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Flood: Death, destruction in Abeokuta

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Flood: Death, destruction in Abeokuta

 

 

It was like the usual rainfall when it started in the evening of Friday, July 13. Those that could take cover did so, to allow the rains subside. Others, especially inside vehicles, headed towards their respective destinations within the Abeokuta metropolis unaware of a looming disaster. But after three intense hours, what began as showers of blessing had snowballed into a deluge of sorrow. Roads were flooded, bridges submerged, drainages overflowed and vehicles swept off. By the following morning, the extent of disaster had dawned on residents. Abeokuta, the Ogun State capital, was literally steeped in a major catastrophe. Several lives were lost, with goods and property worth millions of Naira destroyed in the flooding that resulted from the downpour.

 

The havoc wreaked by the torrential rains practically confirmed the forecast of the Nigeria Meteorological Agency (NiMeT) earlier in the year. In its 2018 Seasonal Rainfall Prediction, NiMeT had listed Ogun as one of the states likely to experience severe flooding.

 

The agency’s forecast revealed rainfall and temperature outlook as well as the probable socio-economic implications of the projected weather patterns in some states of the federation.

 

Not a few in Ogun State thought the prediction would come to pass on the scale as witnessed over the weekend. Hitherto, the state government had allayed fears, saying flash floods could only occur in flood-prone communities and not the entire state.

 

The government said its Flood and Erosion Control Department had been mobilised to embark on the dredging of river/stream courses, as well as desilting of drainages in major towns in preparation for the rainy season to prevent flood disasters.

 

However, the aftermath of the rains showed that both flood-prone areas and locations far from flood threat were impervious. Notable areas affected by flooding in Abeokuta included Amolaso, Sapon, Isabo, Isale-Igbehin, Brewery, Sokori, Oke-Ilewo, Kuto, Oke Lantoro, Lanfenwa, Totoro, Ijaiye, and Kobiti, among others.

 

Apart from those killed, scores of other people were displaced as flooding ravaged their homes. Three of those killed included a food vendor identified as Halirat Akintobi and her two children. It was learnt that the food vendor was hiding inside her container shop located at Ilawo area near Kobiti Central Mosque, Abeokuta when the downpour started but were later trapped in the shop. They were washed off in the flood. Also, corpses of two children were recovered from Sokori River along Iyana Amolaso area in the state capital.

 

To forestall a breakdown of law and order, the state Commissioner of Police, Ahmed Iliyasu, deployed officers and men to join other personnel of disaster management agencies in bringing succour to the affected people.

 

One of the victims whose shops were destroyed at Amolaso area, Bisola Somuyiwa, said goods worth N5million were swept away by the flood. He urged the state government to render financial assistance to the victims.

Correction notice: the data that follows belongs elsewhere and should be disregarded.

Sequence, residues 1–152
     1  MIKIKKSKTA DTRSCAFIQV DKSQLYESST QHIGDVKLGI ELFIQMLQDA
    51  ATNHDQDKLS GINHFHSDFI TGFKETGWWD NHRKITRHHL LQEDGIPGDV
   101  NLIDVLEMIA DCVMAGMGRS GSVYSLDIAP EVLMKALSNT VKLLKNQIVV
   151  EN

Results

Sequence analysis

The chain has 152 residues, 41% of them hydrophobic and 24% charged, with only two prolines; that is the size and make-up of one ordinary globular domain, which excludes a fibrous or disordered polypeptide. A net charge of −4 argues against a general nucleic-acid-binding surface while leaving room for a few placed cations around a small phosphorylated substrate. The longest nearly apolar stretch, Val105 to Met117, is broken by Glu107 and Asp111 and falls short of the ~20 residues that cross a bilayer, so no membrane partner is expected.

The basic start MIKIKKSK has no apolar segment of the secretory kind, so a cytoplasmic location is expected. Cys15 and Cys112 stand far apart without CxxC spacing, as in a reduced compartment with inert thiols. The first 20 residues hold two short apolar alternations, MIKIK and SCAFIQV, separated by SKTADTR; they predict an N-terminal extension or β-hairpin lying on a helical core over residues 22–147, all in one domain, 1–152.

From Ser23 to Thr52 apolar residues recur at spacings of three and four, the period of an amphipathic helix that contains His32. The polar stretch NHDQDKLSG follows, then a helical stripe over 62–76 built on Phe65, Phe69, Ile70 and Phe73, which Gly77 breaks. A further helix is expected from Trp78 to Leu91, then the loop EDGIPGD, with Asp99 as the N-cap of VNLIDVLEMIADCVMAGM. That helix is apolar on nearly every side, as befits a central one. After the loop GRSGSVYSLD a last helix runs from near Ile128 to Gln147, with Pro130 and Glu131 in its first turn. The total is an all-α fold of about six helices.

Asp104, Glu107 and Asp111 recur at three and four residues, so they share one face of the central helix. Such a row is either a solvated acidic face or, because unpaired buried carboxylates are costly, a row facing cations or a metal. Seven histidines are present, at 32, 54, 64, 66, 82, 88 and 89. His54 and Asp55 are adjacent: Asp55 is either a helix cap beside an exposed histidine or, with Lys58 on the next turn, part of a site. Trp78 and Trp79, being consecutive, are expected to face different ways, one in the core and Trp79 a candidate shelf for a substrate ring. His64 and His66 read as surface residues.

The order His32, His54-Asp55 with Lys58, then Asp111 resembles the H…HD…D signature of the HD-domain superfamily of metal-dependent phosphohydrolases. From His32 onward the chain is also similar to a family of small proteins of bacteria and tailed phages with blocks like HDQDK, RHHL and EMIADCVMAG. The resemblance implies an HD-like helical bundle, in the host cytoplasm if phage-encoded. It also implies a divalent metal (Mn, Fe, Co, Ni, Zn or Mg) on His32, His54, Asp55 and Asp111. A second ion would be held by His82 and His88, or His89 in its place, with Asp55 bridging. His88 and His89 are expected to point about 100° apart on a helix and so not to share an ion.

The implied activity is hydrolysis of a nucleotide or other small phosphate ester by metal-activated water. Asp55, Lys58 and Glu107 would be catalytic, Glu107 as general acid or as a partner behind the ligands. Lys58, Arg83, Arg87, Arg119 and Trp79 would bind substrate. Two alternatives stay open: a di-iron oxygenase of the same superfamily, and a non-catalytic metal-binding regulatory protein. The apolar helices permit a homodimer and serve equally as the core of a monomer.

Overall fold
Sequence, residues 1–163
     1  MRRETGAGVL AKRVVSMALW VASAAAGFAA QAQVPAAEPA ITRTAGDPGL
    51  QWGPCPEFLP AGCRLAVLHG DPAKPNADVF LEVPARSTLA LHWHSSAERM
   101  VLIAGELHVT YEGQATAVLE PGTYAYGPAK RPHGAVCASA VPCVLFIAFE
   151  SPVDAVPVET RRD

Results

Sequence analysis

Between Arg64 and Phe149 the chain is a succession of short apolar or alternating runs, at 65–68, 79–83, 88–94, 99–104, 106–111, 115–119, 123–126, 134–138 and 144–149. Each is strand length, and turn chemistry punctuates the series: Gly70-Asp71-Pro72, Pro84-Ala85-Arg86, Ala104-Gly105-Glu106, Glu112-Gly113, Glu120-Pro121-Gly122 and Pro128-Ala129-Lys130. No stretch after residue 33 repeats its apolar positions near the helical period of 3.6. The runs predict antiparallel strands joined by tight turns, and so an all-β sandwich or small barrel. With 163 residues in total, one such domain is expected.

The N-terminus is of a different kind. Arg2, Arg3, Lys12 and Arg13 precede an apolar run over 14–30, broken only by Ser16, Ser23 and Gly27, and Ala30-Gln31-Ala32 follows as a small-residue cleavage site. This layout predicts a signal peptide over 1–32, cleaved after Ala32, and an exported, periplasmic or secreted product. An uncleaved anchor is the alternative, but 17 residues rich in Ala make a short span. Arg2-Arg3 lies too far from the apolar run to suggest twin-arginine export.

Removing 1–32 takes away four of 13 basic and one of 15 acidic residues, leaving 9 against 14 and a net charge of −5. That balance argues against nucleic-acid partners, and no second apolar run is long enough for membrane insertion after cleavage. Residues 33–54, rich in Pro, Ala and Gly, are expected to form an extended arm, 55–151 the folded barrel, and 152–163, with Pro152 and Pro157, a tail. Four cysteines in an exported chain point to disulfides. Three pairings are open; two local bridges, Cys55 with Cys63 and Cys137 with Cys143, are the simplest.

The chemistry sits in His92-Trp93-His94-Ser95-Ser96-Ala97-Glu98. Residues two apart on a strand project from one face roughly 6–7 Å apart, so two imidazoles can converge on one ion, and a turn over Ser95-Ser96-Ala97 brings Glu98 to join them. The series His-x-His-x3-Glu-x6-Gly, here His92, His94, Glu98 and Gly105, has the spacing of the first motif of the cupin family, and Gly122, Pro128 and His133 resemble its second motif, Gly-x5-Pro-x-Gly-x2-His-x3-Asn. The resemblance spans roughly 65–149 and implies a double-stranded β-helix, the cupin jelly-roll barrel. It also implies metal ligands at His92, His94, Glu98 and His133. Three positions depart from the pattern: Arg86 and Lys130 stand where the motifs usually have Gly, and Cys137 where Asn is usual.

The trader explained that her warehouse, which was stocked with a trailer load of soft drinks, three days before the incident, was also pulled down by the flood.

Another victim, Ismot Olayokun, told our correspondent that the flood submerged the two-storey building of his elder brother, who was away in the United States of America.

According to the woman, six vehicles parked within the building, electronics, household appliances, solar power system and other personal effects were destroyed during the incident.

Olayokun said: “Those that came to help us clear the mess are demanding N50,000 but we are pleading with them to collect N30,000. For our shops that were destroyed, they are also demanding N100,000 but we are still pleading with them to accept N80,000.

“Goods worth more than N3million were destroyed in my brother’s blocks of shops. We’ve lost a lot to the flood and we only hope the government will come to our aid.”

 

Another victim, Ayo Egbeyemi, who described himself as a car dealer, said five of the vehicles he put for sale were destroyed. He told New Telegraph that his friend who operated a nearby mechanic workshop in Amolaso area, had several vehicles parked within his premises destroyed.

 

Egbeyemi added that another friend, who is a carpenter, had his finished works worth millions swept away by the flash floods.

 

The state chairman of the Nigerian Red Cross Society, Joseph Obalanlege, described the flooding as devastating. He said the on-the-spot assessment carried out by his agency immediately after the flooding revealed that eight people, including children died.

 

Obalanlege stated that corpses of those killed deposited at the morgue of the State Hospital, Ijaiye, Abeokuta. He said the casualty figures could still rise.

 

On his part, the Assistant Chief Planning Officer of the National Emergency Management Agency (NEMA), South West Zone, Babatunde Olowookere, said the agency had gone round the affected locations to assess the situation and see ways of assisting the victims.

 

According to him, the agency discovered that many people in the state capital built on flood plains and waterways.